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Whoops: Couple Traveling to Hawaii Learns Why Its Bad to “Assume”

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Rene’s Points For Better Travel, a division of Chatterbox Entertainment, Inc. has partnered with CardRatings for our coverage of credit card products. Rene’s Points For Better Travel and CardRatings may receive a commission from card issuers. Opinions, reviews, analyses & recommendations are the author’s alone, and have not been reviewed, endorsed or approved by any of these entities. As an Amazon Associate I earn from qualifying purchases.


One of my first jobs in the entertainment industry involved working for a prolific movie producer who was legendary for two traits. One was his knack for finding great projects.

The other was his famously hot temper. Of the many orders screamed at me, this one stuck — and is a good lesson for many situations, in general.

“Never ‘assume’! Don’t ‘assume’ anything! Find the answer, so you don’t [mess] up anything else!” 

(The in-person version is much more colorful. And terrifying.) My sin? I assumed that actor X was had received a script we sent his agent. I didn’t know for sure.

Well, someone assumed their “reputable pharmacy’s” COVID-19 test would allow them to bypass Hawaii’s 10-day quarantine.

Some background: folks must receive a negative COVID-19 test from a “trusted testing partner” not more than 72 hours before their departing flight to Hawaii.

In her post, “You Might Think It Sounds Nice to Go to Hawaii. We Tried, and It Was a Disaster,”  Slate’s Anna Rao writes that she and her husband planned a Kona getaway last month. Their daughters scheduled a “Work from Hawaii” trip and the couple decided to meet them there.

“The logistics of booking a flight, reserving a townhouse, and getting a fast-turnaround COVID-19 test just prior to travel, proved to be not-too-difficult,” she said in the piece.

It sounds like Ms. Rao and her husband live somewhere in the eastern United States. So they flew from the Washington, D.C., area to San Francisco, where they hopped a connecting flight to Kona.

But before they boarded their flight to the Aloha State, she “noticed long lines and a sign that said, ‘Pre-Screening for Hawaii Travelers.’ We had already uploaded the results of our test and a Hawaii Health Form to the Safe Travels Hawaii website—but just in case, I asked the flight attendant at our gate whether we needed to do anything more. He shrugged and told me that the screening was for other flights and ours would be in Kona.”

Once they landed in Kona, though, they were in for a rude surprise.

I had been sure our $200 per person COVID -19 test results from a reputable pharmacy would be accepted, mostly because I hadn’t found another option to meet Hawaii’s testing requirements. The state required that we get tested at a maximum of 72 hours prior to boarding and have the result ready to show upon arrival. Though the Safe Travels Hawaii program has a long list of approved partners for COVID-19 tests, they were mostly located on the West Coast, or else did not offer the kind of quick-turnaround test that was required.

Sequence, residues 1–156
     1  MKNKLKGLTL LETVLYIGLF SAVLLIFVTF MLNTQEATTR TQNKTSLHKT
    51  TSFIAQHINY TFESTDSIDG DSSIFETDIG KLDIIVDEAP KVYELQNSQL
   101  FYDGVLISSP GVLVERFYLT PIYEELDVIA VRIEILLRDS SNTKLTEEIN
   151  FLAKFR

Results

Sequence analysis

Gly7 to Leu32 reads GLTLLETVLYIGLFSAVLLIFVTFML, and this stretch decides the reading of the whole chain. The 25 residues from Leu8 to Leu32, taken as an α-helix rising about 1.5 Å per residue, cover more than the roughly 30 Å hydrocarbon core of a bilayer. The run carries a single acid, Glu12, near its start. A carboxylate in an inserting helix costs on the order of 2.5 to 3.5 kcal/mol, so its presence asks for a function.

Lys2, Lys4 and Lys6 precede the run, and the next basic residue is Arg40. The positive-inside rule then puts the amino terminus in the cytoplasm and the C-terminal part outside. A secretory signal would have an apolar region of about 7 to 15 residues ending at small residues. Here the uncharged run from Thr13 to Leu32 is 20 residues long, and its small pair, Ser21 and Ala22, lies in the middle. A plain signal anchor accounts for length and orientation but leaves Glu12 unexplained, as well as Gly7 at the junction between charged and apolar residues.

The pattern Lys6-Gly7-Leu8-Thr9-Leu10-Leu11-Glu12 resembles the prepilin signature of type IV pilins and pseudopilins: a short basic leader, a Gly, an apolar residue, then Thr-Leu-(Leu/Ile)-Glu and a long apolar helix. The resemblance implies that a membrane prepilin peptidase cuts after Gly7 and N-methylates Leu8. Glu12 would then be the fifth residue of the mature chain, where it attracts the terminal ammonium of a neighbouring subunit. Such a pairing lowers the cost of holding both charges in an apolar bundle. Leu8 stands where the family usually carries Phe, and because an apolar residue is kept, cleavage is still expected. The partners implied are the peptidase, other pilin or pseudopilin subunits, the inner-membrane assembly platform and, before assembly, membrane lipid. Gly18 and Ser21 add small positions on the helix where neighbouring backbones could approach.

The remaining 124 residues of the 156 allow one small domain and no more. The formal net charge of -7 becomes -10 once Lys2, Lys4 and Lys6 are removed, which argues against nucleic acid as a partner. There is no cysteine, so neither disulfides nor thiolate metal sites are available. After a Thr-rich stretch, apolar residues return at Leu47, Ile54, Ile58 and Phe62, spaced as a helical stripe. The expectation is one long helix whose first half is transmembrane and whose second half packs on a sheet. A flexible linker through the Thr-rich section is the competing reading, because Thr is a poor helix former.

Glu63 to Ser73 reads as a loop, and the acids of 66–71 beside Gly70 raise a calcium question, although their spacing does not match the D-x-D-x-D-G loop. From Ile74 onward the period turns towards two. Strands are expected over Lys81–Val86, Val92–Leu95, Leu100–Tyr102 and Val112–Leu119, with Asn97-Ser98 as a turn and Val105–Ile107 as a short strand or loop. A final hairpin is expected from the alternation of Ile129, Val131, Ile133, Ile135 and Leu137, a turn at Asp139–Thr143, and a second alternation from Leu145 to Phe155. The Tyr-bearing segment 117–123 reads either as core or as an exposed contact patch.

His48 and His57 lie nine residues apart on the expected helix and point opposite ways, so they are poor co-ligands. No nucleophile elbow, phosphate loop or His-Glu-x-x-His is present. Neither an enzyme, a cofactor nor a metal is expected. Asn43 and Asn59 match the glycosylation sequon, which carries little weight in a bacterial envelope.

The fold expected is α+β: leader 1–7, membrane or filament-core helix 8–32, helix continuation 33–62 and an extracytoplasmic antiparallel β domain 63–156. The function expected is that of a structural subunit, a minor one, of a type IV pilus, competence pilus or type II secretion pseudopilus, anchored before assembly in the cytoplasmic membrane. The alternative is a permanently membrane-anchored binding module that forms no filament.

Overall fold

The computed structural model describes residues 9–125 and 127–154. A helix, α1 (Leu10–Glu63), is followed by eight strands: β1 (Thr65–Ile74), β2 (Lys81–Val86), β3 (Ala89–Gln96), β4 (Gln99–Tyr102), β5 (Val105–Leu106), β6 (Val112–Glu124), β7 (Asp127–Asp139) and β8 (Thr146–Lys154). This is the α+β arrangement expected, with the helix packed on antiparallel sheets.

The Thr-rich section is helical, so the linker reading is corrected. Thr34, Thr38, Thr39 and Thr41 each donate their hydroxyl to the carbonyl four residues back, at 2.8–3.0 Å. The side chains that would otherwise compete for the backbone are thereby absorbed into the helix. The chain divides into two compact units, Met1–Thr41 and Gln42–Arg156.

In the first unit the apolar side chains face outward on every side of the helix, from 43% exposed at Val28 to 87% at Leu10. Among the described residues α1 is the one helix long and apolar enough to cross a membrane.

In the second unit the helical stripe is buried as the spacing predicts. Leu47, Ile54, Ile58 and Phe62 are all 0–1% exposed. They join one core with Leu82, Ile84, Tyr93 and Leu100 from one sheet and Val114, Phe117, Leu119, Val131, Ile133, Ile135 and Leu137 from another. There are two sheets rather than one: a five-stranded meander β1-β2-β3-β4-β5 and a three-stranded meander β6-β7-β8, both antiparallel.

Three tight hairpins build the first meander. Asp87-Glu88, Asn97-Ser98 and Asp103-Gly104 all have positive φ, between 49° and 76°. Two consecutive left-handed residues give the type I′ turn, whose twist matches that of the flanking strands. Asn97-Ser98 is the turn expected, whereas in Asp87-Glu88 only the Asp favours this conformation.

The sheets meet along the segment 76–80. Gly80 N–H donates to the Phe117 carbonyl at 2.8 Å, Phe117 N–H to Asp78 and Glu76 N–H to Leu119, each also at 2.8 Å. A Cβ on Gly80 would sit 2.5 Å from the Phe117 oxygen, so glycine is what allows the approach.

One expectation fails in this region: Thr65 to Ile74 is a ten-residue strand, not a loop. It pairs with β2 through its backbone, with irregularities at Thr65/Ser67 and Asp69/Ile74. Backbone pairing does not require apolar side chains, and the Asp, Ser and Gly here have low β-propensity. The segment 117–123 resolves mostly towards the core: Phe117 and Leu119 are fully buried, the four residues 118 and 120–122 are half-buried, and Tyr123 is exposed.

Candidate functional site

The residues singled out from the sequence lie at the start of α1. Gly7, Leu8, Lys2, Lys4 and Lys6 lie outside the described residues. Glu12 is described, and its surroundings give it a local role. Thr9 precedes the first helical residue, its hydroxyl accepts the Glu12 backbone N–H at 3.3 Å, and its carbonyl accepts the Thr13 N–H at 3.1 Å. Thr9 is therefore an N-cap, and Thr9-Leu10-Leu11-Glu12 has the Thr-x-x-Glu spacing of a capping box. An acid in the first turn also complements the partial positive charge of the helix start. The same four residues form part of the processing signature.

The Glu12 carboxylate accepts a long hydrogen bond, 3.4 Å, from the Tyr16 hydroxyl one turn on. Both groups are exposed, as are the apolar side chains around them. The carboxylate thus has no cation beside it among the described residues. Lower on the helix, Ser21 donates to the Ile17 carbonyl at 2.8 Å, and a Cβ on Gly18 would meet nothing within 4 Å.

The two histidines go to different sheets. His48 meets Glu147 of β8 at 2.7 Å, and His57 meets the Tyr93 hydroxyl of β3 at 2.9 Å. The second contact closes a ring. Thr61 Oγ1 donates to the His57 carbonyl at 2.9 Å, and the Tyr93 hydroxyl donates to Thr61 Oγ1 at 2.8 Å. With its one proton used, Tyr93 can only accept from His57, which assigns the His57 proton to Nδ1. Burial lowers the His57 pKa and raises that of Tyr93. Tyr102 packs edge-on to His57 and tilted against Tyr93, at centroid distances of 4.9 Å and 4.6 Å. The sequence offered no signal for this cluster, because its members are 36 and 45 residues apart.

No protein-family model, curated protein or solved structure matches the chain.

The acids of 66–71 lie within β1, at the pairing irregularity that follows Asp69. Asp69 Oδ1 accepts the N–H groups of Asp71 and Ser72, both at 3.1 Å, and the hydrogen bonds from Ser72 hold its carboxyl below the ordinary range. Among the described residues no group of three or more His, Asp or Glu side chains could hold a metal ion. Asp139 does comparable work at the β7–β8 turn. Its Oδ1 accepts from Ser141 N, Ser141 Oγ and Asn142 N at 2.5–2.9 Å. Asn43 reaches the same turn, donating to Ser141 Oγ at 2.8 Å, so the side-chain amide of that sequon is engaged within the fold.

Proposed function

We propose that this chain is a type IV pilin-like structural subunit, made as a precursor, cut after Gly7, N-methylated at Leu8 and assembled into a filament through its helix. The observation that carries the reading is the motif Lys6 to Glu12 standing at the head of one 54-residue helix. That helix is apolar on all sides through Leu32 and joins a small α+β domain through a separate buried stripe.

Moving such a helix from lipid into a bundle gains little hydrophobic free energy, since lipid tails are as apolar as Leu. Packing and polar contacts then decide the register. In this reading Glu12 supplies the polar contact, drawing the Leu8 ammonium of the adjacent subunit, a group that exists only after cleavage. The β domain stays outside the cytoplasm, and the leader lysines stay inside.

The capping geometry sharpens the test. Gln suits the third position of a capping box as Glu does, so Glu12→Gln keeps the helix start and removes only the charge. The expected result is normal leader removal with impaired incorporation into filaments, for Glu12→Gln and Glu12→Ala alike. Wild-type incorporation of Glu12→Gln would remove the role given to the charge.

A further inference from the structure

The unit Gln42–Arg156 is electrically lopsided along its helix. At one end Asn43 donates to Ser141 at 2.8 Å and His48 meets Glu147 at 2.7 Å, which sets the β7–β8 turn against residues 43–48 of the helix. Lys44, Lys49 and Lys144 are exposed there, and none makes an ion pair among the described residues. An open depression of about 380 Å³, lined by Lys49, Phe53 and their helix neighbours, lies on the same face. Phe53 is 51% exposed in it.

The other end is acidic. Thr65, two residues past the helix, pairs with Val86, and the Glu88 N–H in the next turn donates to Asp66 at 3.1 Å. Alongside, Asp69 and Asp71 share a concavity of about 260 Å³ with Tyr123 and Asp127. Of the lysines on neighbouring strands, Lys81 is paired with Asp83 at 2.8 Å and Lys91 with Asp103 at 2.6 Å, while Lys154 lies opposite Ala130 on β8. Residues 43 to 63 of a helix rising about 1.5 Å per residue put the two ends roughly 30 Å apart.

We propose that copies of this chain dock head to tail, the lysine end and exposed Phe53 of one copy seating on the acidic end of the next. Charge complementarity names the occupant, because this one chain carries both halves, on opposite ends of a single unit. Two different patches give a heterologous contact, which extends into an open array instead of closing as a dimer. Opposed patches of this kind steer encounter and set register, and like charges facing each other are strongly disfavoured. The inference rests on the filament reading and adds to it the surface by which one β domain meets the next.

A screening agent gave them two choices: quarantine for 10 days in a hotel room or head back to the mainland. (The couple couldn’t even stay at the Airbnb they booked.) They opted for the latter and returned home (to a snowstorm, of course).

I know some colleagues and family members who have visited or are planning trips to Hawaii. And they are based in the middle or eastern United States. Finding a quick turnaround COVID-19 test wasn’t as easy as they hoped. All opted for extended layovers in Los Angeles so they could get tested onsite at LAX — where there’s a trusted testing partner.

All of us know plenty can go wrong when we travel. Assuming something will work isn’t necessarily the best option. In this case, Ms. Rao’s assumption that her COVID-19 test would pass muster was a no-no. (But she was able to write about it, so she has that going for her. 🙂 ) I think it was an honest mistake — but one that could’ve been prevented. Getting a test from somewhere on the West Coast might’ve cost a little extra time and money. But it would’ve been worth it.

At least, I assume. 😉

 

Rene’s Points For Better Travel, a division of Chatterbox Entertainment, Inc. has partnered with CardRatings for our coverage of credit card products. Rene’s Points For Better Travel and CardRatings may receive a commission from card issuers. Opinions, reviews, analyses & recommendations are the author’s alone, and have not been reviewed, endorsed or approved by any of these entities. As an Amazon Associate I earn from qualifying purchases.


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15 Comments

  1. This is the second article I have read on this subject.

    As someone who is traveling to Kona next month, from the East Coast, there is no language in what the state of HI is putting out that makes it even remotely possible you can take a test with an unapproved organization. So, I respectfully disagree with your wording saying it was an “honest” mistake. Even a cursory reading leaves no doubt. No matter how many times you read the rules, or parse the language, there is no way to interpret it any other way.

    They broke the rules, knowingly, and got caught.

    • I totally agree with SKF that these folks are either did not read the rules or trying to go around it. I live on the East coast and I have been wanting to go to Hawaii. I ruled against it because of their test requirement. I went on the Safe Travel Hawaii website and I did check out the authorized testing partner list. Note the word “Authorized”. When I went into one of the authorized testing partner’s site (CVS), in big block letters, it states that your insurance does not cover Covid Test for the purpose of travel and the cost is around $136. I think a lot of the people (I am not implying that this couple did that) thinks that they can just get a Covid PCR test from either a government operated free sites or just tell the walk-in clinic (ex: CVS, CityMD…etc) that s/he might have came into contact with someone who is infected so their insurance will cover the cost. Even if s/he went to one of the the authorized clinics, but if s/he doesn’t explicitly state that test is for travel because then the result not guarantee 72hrs. turnaround. The lesson learned here should be that Your Medical Insurance Does Not Cover PCR Covid Test for the purpose of travel. If you want a guarantee 72hrs turnaround then you should state to the provider up front that you require the test result for travel but know that you may be asked to pay for the test up front.